Two people exploring the world, seeking adventure & unique experiences.
Arequipa’s Guinness book of records attempt (August 24, 2014)
Our final morning in Arequipa included a rather interesting and colourful attempt on a record for the Guinness book of records. The concept was to have around 2,000 dancers around the Plaza de Armas dancing at the same time. According to an online news article, they officially had 1,247 pairs dancing to the beat of Carnaval de Arequipa. This happened in traditional clothing and with a local dance. We only stayed for around 10 minutes to watch what was happening, take a few photos and video and get on our way to Puno.
Arequipa to Puno
We got lucky and walked straight onto a departing bus for 20 soles ($7.15) each. The ride would take nearly 6 hours as it has to go via the larger town of Juliaca to the North where a majority of our passengers would exit.
This is the major transport hub on the shores of Lake Titicaca, the World’s highest commercially navigable lake at 3,821m above sea level. Puno itself is a typical Peru city of around 100,000 people. We got in as it was getting dark but knew that we wanted to be on an island tour early the next morning so we went walking in search of a nearby hostel. The area around the bus terminal is neither beautiful nor appealing but it offers extremely cheap accommodation (30 soles / $10.70 private double) and the cheapest food we’d found in all of Peru (3 soles / $1.10 for a set menu).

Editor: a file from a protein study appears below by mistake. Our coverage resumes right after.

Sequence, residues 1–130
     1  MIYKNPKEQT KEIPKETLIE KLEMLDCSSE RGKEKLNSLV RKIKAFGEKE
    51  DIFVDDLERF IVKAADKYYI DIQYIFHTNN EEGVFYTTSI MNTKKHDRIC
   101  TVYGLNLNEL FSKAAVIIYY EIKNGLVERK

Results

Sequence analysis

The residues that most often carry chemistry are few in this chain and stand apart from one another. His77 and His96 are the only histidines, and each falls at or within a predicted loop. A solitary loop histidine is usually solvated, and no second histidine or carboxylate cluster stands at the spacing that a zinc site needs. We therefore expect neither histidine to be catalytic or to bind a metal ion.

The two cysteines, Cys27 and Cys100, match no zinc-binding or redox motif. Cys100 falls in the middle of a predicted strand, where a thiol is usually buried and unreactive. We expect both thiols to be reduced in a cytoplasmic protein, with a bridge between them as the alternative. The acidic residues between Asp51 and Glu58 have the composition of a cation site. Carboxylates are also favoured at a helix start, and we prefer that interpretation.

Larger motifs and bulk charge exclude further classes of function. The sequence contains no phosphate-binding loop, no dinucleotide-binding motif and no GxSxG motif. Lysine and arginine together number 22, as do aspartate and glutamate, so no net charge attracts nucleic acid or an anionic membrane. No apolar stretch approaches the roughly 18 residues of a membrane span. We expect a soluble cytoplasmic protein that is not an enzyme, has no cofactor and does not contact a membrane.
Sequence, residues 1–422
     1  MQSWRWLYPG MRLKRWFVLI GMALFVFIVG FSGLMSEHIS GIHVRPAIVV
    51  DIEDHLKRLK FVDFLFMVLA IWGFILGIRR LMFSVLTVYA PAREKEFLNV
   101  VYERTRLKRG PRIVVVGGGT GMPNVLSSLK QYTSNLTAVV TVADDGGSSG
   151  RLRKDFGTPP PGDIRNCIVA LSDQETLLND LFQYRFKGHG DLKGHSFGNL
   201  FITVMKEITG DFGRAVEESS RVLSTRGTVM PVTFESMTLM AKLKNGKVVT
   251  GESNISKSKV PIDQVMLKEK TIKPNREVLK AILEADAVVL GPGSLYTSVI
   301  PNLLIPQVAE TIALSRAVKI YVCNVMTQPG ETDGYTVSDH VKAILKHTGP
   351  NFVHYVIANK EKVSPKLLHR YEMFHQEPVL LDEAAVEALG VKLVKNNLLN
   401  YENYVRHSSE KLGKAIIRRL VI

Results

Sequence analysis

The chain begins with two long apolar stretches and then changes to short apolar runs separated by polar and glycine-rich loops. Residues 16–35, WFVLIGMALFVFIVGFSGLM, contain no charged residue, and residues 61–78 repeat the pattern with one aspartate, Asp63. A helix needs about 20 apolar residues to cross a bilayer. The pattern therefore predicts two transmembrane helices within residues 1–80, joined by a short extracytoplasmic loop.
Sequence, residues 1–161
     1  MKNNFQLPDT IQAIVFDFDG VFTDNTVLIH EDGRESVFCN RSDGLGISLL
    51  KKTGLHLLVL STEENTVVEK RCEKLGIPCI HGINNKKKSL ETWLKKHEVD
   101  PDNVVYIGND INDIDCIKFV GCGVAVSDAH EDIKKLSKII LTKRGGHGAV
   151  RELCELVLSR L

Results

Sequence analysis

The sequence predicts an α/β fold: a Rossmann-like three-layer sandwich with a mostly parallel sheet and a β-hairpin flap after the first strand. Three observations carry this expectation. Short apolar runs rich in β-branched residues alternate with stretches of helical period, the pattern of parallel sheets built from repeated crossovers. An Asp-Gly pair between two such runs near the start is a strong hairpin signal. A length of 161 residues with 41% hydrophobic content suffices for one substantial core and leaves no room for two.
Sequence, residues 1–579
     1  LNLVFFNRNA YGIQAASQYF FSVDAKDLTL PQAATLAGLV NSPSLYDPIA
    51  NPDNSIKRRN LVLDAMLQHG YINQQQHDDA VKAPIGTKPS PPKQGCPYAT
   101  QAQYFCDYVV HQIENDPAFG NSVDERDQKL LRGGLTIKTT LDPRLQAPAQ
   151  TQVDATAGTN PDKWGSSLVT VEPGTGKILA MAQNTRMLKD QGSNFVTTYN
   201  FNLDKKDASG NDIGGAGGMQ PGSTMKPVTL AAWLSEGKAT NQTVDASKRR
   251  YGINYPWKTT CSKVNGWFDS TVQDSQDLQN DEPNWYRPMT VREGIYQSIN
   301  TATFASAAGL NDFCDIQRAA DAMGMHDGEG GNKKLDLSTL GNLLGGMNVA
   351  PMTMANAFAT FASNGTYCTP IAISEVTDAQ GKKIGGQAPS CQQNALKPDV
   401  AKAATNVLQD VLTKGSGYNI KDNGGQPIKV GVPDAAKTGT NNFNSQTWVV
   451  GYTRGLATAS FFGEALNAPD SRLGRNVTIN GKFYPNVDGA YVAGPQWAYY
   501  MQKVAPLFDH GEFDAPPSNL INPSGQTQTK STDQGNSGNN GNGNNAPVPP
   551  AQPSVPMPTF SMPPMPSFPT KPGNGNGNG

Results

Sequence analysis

Go on a lake tour or go independently?
For the first time in a long time we were on a set time frame, we wanted to be in La Paz, Bolivia for Toby’s birthday in a couple of days to go biking on “Death Road”. This meant a 2 day island tour would tick all the boxes and avoid the sometimes infrequent and problematic boat connections between destinations.
We booked directly through our hostel for 100 soles ($35.70) each which included all transport by boat to the floating Uros islands, Isla Amantani with traditional homestay including lunch/dinner/breakfast and Isla Taquile. This also included all entrance fees (each location has a fee) and amazingly an English speaking guide. There was very little profit on this tour as we couldn’t have done it cheaper by ourselves.
The only downside is these groups can be up to 24 in size; ours was 17 people. It’s not too much of an issue though as there are only 4 people per homestay, so more than half the time the group isn’t actually together.
The floating Uros Islands
These are about a 20 minute boat ride from the port of Puno. These islands are made of tortora rushes (tall reeds) that grow wild in the lake. They use them to build the island and also their houses and traditional boats. You can even eat the bottom white part of the reed, which we did and tastes mostly like Lettuce. There are around 100 separate islands in what is actually a rather large area.
The tour boats will pick 1 island to visit and you spend around an hour getting a demonstration of how the island is built and maintained (a new layer of reeds every 10 days) along with what local life is like on the island. All the islands seem to offer the same “rubber stamped” experience with seating areas, a sample of Pan de Quinoa, a visit to their house and an offer to buy their local artwork. The experience ends with the offer to ride in the traditional boat across the lake (10 soles / $3.60).
We decided to stay on the island and not do the additional boat tour which about half the group participated in. This allowed us some time to play with the many young and playful children. Thankfully and maybe it’s because they were too young, but they hadn’t caught the habit of asking for sweets/candy/cookies (which we saw later from some children on Taquile). We even had one who played a game of peek-a-boo with us.